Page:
A recent study re-addressed hormones and women’s cardiovascular health

Volume 13    |   Issue 44

Researchers have identified an estrogen receptor called GPER that’s found throughout the cardiovascular system. Because it’s so abundant, they concluded that estrogen plays a significant role in cardiovascular functioning and coronary artery disease. But to enjoy these benefits, you have to use the right type of estrogen.

What most reports don't tell you is that there are a number of variables involved in hormone safety. For instance, are you using synthetic hormones or bioidentical hormones? Is the doctor administering them knowledgeable and skilled at personalizing dosage or does he or she try to use a one-size-fits-all approach? The answers to these questions can have an enormous impact on the outcome of hormone use.

In the 1990s, several studies found that using hormones could have negative effects on cardiovascular health in women. But these studies were conducted with hormones derived from horses (conjugated equine estrogens) and synthetic progestins. In the decades since, we've learned quite a bit about how hormones affect women and how to utilize them in a healthier, safer, more beneficial manner.

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A study recently published in the journal Advances in Pharmacology re-addressed hormones and women's cardiovascular health. Researchers have been investigating how estrogen signaling works, and they've identified an estrogen receptor called GPER that's found throughout the cardiovascular system. Because it's so abundant, researchers have concluded that estrogen plays a significant role in cardiovascular functioning and coronary artery disease.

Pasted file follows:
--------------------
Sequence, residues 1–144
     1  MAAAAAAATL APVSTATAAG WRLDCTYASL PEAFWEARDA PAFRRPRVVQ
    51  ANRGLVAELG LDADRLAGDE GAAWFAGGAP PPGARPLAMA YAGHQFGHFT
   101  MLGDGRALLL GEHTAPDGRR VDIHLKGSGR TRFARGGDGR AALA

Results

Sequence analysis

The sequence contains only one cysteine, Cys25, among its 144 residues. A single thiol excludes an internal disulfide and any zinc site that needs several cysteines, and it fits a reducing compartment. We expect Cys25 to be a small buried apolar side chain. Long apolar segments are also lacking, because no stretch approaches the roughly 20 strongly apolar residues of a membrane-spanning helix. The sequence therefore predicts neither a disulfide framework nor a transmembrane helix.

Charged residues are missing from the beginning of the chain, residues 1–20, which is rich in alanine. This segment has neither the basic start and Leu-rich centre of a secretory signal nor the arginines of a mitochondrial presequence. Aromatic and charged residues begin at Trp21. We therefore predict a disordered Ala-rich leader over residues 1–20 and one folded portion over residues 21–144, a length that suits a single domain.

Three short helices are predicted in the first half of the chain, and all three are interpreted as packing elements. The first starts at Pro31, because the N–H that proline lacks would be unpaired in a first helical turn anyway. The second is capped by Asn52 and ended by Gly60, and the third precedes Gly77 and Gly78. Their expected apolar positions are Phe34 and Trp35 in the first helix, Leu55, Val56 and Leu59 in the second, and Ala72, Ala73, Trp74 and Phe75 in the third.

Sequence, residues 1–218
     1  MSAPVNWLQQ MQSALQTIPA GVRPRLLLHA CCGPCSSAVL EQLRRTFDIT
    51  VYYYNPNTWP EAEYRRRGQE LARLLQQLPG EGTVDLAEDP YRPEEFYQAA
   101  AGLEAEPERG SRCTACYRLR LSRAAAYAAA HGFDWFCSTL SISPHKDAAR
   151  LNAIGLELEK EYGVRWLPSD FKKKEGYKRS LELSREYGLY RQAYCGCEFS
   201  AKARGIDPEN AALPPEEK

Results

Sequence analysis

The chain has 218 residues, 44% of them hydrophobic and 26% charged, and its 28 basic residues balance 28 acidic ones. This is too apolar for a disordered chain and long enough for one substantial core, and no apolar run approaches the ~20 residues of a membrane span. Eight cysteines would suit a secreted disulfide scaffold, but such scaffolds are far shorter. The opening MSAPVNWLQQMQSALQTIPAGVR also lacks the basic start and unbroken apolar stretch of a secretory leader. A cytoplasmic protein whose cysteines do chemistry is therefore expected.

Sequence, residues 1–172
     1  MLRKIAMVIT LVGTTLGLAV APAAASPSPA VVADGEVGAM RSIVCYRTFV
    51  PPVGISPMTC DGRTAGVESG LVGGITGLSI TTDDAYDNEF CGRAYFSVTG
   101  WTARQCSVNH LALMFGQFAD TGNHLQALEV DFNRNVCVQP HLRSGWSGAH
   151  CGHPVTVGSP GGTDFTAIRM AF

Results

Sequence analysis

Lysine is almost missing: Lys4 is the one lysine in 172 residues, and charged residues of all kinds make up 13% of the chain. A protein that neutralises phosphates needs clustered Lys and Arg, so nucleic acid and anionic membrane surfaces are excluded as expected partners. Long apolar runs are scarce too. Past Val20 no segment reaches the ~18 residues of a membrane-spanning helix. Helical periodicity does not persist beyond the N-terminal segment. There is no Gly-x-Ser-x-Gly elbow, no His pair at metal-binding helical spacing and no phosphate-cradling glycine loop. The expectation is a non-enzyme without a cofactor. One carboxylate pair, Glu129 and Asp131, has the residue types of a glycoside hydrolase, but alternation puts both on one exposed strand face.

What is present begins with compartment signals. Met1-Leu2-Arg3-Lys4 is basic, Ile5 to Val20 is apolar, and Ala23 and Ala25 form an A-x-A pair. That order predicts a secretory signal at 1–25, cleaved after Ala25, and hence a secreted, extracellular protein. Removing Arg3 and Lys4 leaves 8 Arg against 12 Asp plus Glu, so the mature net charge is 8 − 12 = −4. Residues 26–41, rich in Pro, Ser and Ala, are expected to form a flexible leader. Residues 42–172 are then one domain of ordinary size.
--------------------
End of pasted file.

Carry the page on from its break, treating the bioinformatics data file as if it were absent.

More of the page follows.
The research is ongoing, but so far, scientists have discovered that activating GPER can help protect women from coronary artery disease. You just need to do it with the estrogen your body is used to. That would be bioidentical estrogen — not estrogen from a horse's urine. This helps provide evidence that estrogen replacement can be beneficial for postmenopausal women who are concerned about their heart health.

Of course, the researchers want to continue pursuing this topic in hopes of developing a cardiovascular drug. But hormone replacement can be beneficial. Just make sure you find a reputable doctor who works to tailor your plan to your specific issues. And be sure you're using bioidentical hormones, not ones that come from a source proven to be dangerous to your cardiovascular system, such as horses. There are plant options containing phytoesterols, which you can experiment with and see how you feel. These include black cohosh, red clover, chaste-tree berry, dong quai, evening primrose, ginkgo, and even ginseng. You would want to try one of these at a time in a low dose and rotate. If you have a condition, such as a history of genetic breast cancer, you may want to try Maca. Femessence is a product that, in fact, does not claim to have phytoestrogens, but impacts your own hormones in a positive way. If you try Femessence, it's best if you take it by itself. Generally, Maca should not be combined with other herbs or hormones if your goal is to help balance your hormones.







http://www.ncbi.nlm.nih.gov/pubmed/27451102.

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